The Transportation Safety Board of Canada (TSB) on July 19 released its investigation report into the January 2019 Canadian Pacific (CP) freight train derailment in the Upper Spiral Tunnel, near Field, British Columbia (BC), citing the undesired release of air brakes (UDR) as the cause.
On the morning of January 3, 2019, a mixed-merchandise CP (now CPKC) freight train, hauling 159 rail cars, including 13 carrying dangerous goods, departed Calgary, Alberta, destined for Port Coquitlam, BC. According to TSB, while descending Field Hill, a section of track known for its steep grades and sharp curves, “an in-cab alert activated as the front end of the train was exiting the Upper Spiral Tunnel, indicating a train-initiated UDR,” which occurs when the air pressure in a train’s brake pipe spontaneously increases, causing the automatic release of the air brakes.
In response, the locomotive engineer “made a full-service brake application, as required by operating rules, and applied the locomotive dynamic brakes to bring the train to a controlled stop,” according to the report (download below). The subsequent rapid deceleration, TSB says, “resulted in the block of heavy loaded cars at the tail end of the train running into the empty cars near the center, leading to the derailment of 15 empty cars in the Upper Spiral Tunnel.”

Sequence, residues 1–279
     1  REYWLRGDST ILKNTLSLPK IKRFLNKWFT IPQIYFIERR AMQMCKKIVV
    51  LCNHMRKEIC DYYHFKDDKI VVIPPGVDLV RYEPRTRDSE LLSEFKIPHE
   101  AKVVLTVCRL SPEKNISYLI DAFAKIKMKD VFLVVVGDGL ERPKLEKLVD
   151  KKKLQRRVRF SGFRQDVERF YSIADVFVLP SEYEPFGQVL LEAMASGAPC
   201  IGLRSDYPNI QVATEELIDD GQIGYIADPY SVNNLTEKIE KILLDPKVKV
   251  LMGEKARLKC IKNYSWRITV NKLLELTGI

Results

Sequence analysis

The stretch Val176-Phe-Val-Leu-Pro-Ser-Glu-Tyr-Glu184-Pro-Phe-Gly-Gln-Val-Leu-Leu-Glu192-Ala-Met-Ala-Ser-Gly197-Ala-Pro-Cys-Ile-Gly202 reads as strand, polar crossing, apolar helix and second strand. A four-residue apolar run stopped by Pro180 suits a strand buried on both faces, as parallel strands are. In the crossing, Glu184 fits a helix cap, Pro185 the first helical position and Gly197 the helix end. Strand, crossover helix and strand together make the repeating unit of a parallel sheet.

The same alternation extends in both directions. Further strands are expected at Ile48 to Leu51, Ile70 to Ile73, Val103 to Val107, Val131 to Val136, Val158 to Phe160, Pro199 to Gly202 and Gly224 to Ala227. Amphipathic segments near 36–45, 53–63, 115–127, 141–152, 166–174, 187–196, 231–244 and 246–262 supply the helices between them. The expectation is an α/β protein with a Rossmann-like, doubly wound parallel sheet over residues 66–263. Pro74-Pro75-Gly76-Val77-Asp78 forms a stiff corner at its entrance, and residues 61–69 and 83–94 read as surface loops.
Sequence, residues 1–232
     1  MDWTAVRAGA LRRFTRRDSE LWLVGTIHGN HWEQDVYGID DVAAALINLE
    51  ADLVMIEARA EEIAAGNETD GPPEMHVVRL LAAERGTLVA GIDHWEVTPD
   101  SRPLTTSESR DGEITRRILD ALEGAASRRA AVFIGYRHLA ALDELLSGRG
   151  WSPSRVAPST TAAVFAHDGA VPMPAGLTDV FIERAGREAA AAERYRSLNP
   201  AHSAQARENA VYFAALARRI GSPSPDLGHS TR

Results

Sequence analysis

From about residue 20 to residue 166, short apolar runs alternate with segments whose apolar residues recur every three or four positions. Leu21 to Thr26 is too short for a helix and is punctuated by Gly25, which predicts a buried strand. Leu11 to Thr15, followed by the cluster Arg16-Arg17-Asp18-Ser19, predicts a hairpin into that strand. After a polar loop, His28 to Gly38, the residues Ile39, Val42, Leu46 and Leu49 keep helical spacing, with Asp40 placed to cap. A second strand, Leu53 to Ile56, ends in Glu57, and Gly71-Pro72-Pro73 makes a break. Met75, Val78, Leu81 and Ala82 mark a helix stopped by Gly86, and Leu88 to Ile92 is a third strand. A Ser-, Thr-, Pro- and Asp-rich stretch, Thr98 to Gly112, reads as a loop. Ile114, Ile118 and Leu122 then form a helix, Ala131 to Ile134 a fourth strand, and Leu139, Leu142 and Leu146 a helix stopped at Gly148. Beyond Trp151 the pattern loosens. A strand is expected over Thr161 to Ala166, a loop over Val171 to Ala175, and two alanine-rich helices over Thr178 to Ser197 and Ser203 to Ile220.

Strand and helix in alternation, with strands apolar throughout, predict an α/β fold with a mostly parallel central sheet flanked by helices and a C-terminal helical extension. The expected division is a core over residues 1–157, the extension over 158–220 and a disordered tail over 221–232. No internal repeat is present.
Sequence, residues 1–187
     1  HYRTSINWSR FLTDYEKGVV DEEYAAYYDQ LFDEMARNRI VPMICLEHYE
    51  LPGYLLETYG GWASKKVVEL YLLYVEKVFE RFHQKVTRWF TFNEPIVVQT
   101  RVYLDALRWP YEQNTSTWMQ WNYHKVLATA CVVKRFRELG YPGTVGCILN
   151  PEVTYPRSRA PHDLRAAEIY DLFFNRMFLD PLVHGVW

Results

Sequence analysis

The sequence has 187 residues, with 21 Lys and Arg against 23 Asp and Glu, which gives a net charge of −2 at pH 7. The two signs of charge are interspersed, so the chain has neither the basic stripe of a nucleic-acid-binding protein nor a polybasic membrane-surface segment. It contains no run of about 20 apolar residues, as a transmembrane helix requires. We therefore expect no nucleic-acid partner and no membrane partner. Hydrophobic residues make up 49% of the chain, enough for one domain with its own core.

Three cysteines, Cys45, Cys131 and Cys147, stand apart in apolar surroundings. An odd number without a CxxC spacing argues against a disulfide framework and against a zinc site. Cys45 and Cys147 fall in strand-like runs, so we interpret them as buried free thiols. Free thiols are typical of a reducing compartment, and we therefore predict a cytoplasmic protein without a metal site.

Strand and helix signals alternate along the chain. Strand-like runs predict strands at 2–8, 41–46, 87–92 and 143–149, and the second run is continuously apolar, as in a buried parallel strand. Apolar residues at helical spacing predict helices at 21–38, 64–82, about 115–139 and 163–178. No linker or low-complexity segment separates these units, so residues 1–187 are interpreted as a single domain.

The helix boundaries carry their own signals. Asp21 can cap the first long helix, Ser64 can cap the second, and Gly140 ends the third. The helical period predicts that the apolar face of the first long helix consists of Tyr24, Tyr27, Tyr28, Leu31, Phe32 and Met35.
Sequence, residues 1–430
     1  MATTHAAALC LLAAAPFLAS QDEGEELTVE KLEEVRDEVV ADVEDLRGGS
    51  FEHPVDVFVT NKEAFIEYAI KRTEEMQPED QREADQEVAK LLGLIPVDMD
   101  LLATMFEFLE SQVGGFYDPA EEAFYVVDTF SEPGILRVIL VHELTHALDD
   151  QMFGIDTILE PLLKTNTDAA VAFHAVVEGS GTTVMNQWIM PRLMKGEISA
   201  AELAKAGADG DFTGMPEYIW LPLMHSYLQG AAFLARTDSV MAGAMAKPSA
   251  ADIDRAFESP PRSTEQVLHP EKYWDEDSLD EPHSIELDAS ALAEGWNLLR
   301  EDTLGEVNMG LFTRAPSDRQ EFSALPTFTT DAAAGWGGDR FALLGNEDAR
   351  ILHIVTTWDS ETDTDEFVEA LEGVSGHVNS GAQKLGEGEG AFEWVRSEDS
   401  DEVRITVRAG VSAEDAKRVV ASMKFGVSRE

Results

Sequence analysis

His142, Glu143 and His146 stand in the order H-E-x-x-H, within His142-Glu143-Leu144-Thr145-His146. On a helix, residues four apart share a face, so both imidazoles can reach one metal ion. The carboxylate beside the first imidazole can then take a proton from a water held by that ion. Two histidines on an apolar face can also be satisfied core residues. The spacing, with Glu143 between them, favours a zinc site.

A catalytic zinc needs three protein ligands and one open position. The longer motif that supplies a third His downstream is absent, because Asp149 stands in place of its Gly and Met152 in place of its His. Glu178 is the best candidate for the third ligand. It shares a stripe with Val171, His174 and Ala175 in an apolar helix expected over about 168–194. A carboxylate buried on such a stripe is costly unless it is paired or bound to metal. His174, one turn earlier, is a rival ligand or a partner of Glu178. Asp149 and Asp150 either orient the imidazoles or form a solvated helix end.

In this occurrence, the train had been assembled using destination marshalling—meaning cars were grouped in blocks destined for the same location, according to TSB. Therefore, according to the report, several heavy loaded cars were placed at the rear end of the train in preparation for the first stop in Golden, BC.
According to TSB, the investigation revealed that, “although the train cleared CP’s computer-based train marshalling verification program before departing, it was not compliant with the railway’s General Operating Instructions, which states that heavy cars must be placed as close as possible to the head of the train and light cars should be placed as close as possible to the rear unless the cars behind them are also relatively light.”
Additionally, TSB’s investigation also found that the train had experienced an earlier UDR six hours prior to the occurrence, “yet a decision to proceed was made without an alternative plan of action.” The decision to proceed after the first UDR, TSB says, “likely did not take into consideration the risks associated with potential high in-train forces should another UDR occur, especially on the steep descending grade and sharp curves of Field Hill.”
Following this occurrence, CP issued a maintenance alert to inspect certain rail cars and make necessary repairs and conducted an extensive review and analysis of mixed-merchandise train make-ups operating west of Calgary. The Class I also issued an operating bulletin concerning restrictions for handling mid-train empty cars on westward trains.